More wine buying is done for Thanksgiving dinner than for any other holiday throughout the year. Selecting wine for Thanksgiving dinner can be a daunting task considering the many flavor components of the meal. White wine for white meat? Red wine for the dark meat? Can the big flavors of side dishes be paired with sparkling wine? There are no right answers when it comes to finding the ideal wine for Thanksgiving, so here are ten affordable American wine recommendations that are safe bets on Turkey Day.
Sparkling wine is a wonderful, food-friendly option for Thanksgiving. You can serve an American sparkling wine as an aperitif as your guests arrive or pair it with just about anything at the holiday table. Here are some options:
2002 Gloria Ferrer Brut Royal Cuvee Carneros (Sonoma, California): $20 – Rich bubbly with ripe apple and toasted bread flavors.
2008 Schramsberg Blanc de Blancs (Napa Valley, California): $23 – Fresh, crisp and fruity with a dry and clean finish.
Many think of white wine as the go-to match for poultry. Think of these value wines when pairing with turkey:
2009 Heron Hill Riesling Reserve (Finger Lakes, New York): $25 – Light notes of Meyer lemon and Asian pear with a high level of bright acidity.
2008 Pacific Rim Dry Riesling (Columbia Valley, Washington): $10 – Honeyed citrus notes yet dry and crisp. Nice level of minerality.
2007 Wiemer Gewurztraminer (Finger Lakes, New York): $23 – Juicy peach, ripe melon, long and silky finish.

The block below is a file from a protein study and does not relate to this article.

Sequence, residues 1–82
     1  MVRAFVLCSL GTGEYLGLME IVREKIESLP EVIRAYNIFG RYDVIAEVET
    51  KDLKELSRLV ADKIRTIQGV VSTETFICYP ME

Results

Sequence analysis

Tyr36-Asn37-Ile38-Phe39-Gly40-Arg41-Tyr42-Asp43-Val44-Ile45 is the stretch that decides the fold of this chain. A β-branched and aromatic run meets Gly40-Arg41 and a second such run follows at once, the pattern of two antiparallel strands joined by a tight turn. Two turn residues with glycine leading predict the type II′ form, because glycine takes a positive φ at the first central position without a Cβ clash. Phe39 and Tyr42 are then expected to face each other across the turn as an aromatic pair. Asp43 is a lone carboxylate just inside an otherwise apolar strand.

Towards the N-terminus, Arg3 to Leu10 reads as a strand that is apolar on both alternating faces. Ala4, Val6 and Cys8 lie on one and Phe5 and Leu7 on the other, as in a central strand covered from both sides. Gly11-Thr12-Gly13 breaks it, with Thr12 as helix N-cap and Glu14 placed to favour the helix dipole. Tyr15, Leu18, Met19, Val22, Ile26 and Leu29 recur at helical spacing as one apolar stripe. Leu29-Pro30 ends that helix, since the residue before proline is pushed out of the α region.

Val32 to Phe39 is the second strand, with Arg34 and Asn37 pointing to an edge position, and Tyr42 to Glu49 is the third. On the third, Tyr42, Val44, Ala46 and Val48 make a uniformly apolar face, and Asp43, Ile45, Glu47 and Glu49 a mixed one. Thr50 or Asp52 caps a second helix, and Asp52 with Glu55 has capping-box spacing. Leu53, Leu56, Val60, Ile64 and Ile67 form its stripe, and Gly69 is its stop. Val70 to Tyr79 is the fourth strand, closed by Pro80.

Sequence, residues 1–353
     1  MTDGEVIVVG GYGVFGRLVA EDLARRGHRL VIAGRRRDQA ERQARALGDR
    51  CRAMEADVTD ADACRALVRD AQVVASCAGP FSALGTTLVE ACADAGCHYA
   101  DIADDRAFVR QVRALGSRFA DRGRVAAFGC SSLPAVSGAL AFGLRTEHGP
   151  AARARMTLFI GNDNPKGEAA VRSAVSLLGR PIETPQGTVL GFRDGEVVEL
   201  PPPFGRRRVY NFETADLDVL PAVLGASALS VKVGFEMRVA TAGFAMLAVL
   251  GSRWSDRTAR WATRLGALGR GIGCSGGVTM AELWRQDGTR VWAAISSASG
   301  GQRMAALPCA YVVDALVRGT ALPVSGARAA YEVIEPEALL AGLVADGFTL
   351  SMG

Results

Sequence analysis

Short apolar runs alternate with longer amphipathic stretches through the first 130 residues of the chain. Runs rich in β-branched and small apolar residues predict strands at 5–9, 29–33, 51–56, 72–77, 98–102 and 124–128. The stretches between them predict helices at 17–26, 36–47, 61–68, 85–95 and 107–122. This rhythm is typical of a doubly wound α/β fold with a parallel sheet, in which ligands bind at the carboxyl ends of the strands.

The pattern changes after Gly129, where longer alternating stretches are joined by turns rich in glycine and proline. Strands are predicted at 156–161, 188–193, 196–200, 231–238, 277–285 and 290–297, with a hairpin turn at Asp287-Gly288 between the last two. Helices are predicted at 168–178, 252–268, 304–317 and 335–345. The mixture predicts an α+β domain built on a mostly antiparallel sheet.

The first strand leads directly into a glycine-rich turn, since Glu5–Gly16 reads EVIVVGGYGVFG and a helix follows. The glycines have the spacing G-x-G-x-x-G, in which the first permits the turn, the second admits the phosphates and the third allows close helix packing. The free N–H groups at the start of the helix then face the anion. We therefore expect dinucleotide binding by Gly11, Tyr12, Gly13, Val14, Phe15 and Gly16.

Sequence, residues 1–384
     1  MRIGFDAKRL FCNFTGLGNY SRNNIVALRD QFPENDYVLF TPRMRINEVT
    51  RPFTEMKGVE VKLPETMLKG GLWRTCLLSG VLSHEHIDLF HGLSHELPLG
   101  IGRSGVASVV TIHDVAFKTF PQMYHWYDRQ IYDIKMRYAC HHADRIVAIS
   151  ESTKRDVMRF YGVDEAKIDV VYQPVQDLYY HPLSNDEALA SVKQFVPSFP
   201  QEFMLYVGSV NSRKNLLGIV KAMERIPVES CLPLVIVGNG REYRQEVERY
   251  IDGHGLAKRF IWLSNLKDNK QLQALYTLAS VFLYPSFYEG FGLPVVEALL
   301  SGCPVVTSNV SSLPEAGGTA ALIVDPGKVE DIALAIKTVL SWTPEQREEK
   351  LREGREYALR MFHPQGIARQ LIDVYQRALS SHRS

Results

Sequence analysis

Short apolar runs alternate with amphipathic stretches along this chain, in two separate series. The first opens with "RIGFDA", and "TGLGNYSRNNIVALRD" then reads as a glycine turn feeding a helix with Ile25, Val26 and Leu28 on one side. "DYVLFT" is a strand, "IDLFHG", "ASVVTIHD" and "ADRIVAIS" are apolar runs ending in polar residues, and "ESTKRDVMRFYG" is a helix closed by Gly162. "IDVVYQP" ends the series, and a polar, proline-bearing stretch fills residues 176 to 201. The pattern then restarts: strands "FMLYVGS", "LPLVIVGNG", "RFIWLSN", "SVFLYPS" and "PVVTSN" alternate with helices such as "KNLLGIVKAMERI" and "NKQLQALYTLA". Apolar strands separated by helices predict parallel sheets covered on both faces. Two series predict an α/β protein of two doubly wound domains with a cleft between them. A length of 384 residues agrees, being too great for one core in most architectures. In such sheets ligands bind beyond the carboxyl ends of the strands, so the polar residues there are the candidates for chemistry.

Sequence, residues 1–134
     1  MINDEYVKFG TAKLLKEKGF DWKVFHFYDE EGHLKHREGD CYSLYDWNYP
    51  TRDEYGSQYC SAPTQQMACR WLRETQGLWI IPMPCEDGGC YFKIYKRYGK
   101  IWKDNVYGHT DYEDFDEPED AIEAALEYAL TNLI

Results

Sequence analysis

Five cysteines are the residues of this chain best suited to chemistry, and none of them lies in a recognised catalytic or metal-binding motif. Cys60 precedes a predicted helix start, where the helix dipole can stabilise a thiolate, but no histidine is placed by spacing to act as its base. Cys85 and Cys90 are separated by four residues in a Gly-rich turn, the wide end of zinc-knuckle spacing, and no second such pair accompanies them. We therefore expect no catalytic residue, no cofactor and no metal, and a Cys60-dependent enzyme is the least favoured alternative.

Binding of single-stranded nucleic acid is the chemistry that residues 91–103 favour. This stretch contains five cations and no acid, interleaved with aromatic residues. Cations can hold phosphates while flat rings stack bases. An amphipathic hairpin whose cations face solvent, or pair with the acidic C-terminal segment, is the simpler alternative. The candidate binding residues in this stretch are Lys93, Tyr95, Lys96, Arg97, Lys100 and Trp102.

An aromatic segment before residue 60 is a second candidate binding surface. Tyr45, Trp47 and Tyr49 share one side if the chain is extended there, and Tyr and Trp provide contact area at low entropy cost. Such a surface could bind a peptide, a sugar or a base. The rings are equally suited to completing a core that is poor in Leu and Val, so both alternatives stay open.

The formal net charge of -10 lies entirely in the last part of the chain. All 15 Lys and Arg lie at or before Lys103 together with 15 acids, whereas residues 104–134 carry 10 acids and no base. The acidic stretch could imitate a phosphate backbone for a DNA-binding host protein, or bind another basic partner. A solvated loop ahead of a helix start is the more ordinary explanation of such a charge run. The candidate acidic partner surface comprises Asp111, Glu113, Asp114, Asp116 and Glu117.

2010 Matanzas Creek Sauvignon Blanc (Sonoma, California): $15 – Bright citrus and a nice level of acidity – a clean, crisp, food-friendly Sauvignon Blanc.
A light-bodied, not overly tannic red wine is a popular option to pair with white and dark turkey meat and also with earthy flavors of stuffing. Here are some solid options that won’t break the bank:
2008 Mark West Pinot Noir (Sonoma, California): $10 – While lighter than many California Pinot Noirs, this wine offers ripe strawberries on the nose and on the palate.
2009 Ravines Pinot Noir (Finger Lakes, New York): $23 – Elegant, earthy notes, juicy cherry flavors and a slightly spicy finish.
2009 Calera Pinot Noir (Central Coast, California): $20 – Lots of spicy floral notes and a ripe mouthful of red berries.
2009 Benton Lane Pinot Noir (Willamette Valley, Oregon): $20 – Rich wine with ripe dark cherries and juicy dark berries on the nose and palate. Earthy and delicious.
Whatever direction you go in with Thanksgiving wine, remember that both white and red are good options and that a combination of each can be the best choice for your Thanksgiving dinner.
Cheers and happy holiday,
Veronique Deblois, Food & Wine Chickie: Veronique is a food and wine writer based in Morris County, NJ. As the author of the popular blog, Food & Wine Chickie Insider, Veronique shares recipes, wine and restaurant reviews and insight into the travel industry of which she’s a 15-year veteran. Follow Veronique on Twitter or like her Facebook page.